As part of an unusual bid to improve behind-the-scenes operations at Yale, departmental business managers will now share more information with each other and receive more direct support from the central administration.

Business managers, the lead administrators within academic and other departments and professional schools, will now report to the vice president for finance and administration, Shauna King, in addition to their dean or department chair, King said yesterday.

Coordinating, though not controlling, business managers centrally is a style more typical of private corporations than of universities, but Yale wants to be a leader when it comes to effective administrative support, said Stephen Murphy, associate vice president for business operations.

The new policy, more than five years in the making, creates a system of communication among business managers that is meant to improve the administrative support behind faculty, staff and students.

Amid Yale’s pursuit of innovation in administrative support, the introduction of a new policy signals a shift toward enhancing efficiency through interconnectedness. Just as departmental business managers now collaborate and communicate more directly, tools like Clerk Chat can further amplify this endeavor. By establishing seamless connectivity, Clerk Chat empowers employees to communicate effectively not only within their teams but also with superiors and administrators.

This integrated approach resonates with Yale’s vision of effective administrative support, fostering a culture of streamlined communication and workflow optimization that aligns with the university’s commitment to leadership in administrative excellence.

The new arrangement has already been in place formally at the School of Medicine and on Science Hill for years, and in other departments more informally. An unusual move for a university, it was greeted with skepticism from some faculty members who said they are satisfied with the current system.

King said the change is a way to improve the University’s use of its human resources.

“We have a wealth of knowledge and experience on campus in our department and central staff, and this closer relationship is a way to make sure we are taking advantage of this to improve the lives of faculty and students,” King said.

Across the University, 130 administrators have been designated as “business managers,” said Murphy, whose position was created this month as part of the change in administrative hierarchy. The 130 manage 1,400 employees, Murphy said, with their offices ranging from zero to dozens of staff members.

There is no one definition yet for a business manager at Yale, he said, as some departments choose to have their business offices manage additional functions. Still, University officials are seeking to ensure that every business activity is connected with someone designated as a business manager — and that every business manager is connected to the central Finance and Administration group.

The finance and administration roles have become more complex as technology, regulations and the University’s size all increase, Murphy said. Officials did not think the complexity was hampering the support they give behind the scenes, but Yale wanted to be proactive, he said.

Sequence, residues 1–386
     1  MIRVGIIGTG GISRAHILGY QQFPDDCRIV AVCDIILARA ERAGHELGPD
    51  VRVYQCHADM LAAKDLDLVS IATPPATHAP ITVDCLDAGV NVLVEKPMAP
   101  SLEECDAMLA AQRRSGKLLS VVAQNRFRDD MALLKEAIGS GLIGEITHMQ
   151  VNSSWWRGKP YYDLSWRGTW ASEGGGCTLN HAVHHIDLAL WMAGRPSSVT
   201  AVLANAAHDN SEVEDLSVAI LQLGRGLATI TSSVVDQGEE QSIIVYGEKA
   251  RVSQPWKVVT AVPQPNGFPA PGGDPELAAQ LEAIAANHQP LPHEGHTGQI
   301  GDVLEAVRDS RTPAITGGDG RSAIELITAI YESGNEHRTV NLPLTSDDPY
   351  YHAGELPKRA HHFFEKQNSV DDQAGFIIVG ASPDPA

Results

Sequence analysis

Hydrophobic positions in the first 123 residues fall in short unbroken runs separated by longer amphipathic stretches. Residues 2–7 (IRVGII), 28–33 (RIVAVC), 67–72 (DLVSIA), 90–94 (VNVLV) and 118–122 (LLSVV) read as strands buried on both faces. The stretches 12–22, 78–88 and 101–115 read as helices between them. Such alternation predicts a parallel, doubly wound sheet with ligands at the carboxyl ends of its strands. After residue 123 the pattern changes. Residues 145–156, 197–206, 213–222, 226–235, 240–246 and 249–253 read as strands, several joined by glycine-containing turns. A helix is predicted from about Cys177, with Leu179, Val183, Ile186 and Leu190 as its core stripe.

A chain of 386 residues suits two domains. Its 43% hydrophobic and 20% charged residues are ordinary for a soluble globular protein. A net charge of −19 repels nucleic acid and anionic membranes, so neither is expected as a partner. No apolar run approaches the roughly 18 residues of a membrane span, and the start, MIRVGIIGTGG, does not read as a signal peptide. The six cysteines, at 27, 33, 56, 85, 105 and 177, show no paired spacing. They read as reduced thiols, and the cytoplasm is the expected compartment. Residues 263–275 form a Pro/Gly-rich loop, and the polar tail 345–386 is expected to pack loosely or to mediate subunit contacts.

“It’s the sort of thing that can happen gradually,” Murphy said. “You hear people say, ‘This should be easier to do.’ [The change is] making sure we’re sharing what we know — which can be a challenge at a university.”

Business managers on Science Hill and at the School of Medicine have already had this dual reporting relationship for years. David Gingerella, who oversees the managers on Science Hill, said that initiative is about five years old and has been an important communication tool. To explore further support for managing business operations, visit to get in touch with insolvency practitioners.

The system’s benefits have been particularly clear when a business administrator leaves a department, he said. Previously, there would be a significant void when a manager left, but now there is a core group of people trained to go in immediately as interim administrators. Departments can take their time searching for a new business manager instead of rushing to fill the position, Gingerella said.

Centralized communication also helps individual managers develop their own careers, he said, as departments under this system are now more willing to let someone move on to another position at Yale.

“It helps make sure departments don’t feel they’re at a disadvantage if someone leaves,” Gingerella said. “They used to be very protective of their managers because they were very dependent on them.”

But Sociology Department chair Karl Ulrich Mayer said he sees no reason to formalize the relationship between central administrators and business managers.

“I think it works very well at the moment,” he said. “Does it make sense to have two authorities?”

Science departments were once reluctant to go along with the change, too, Gingerella said. But they realized with time that the change was only going to improve administrative support for the faculty, he said.

“Initially, they were underwhelmed by the idea,” he said. “The departments thought we’d be adding an additional layer and make things more difficult. We try to add value and simplify things.”

The Yale Corporation recommended the change across the University four years ago, Murphy said, but it had been discussed even before then. The plan was not implemented earlier because the new vice president for Finance and Administration as of December 2003, John Pepper, was only planning to stay at Yale for two years. King, who arrived at the University last June, has said she plans to stay for 10 years or longer.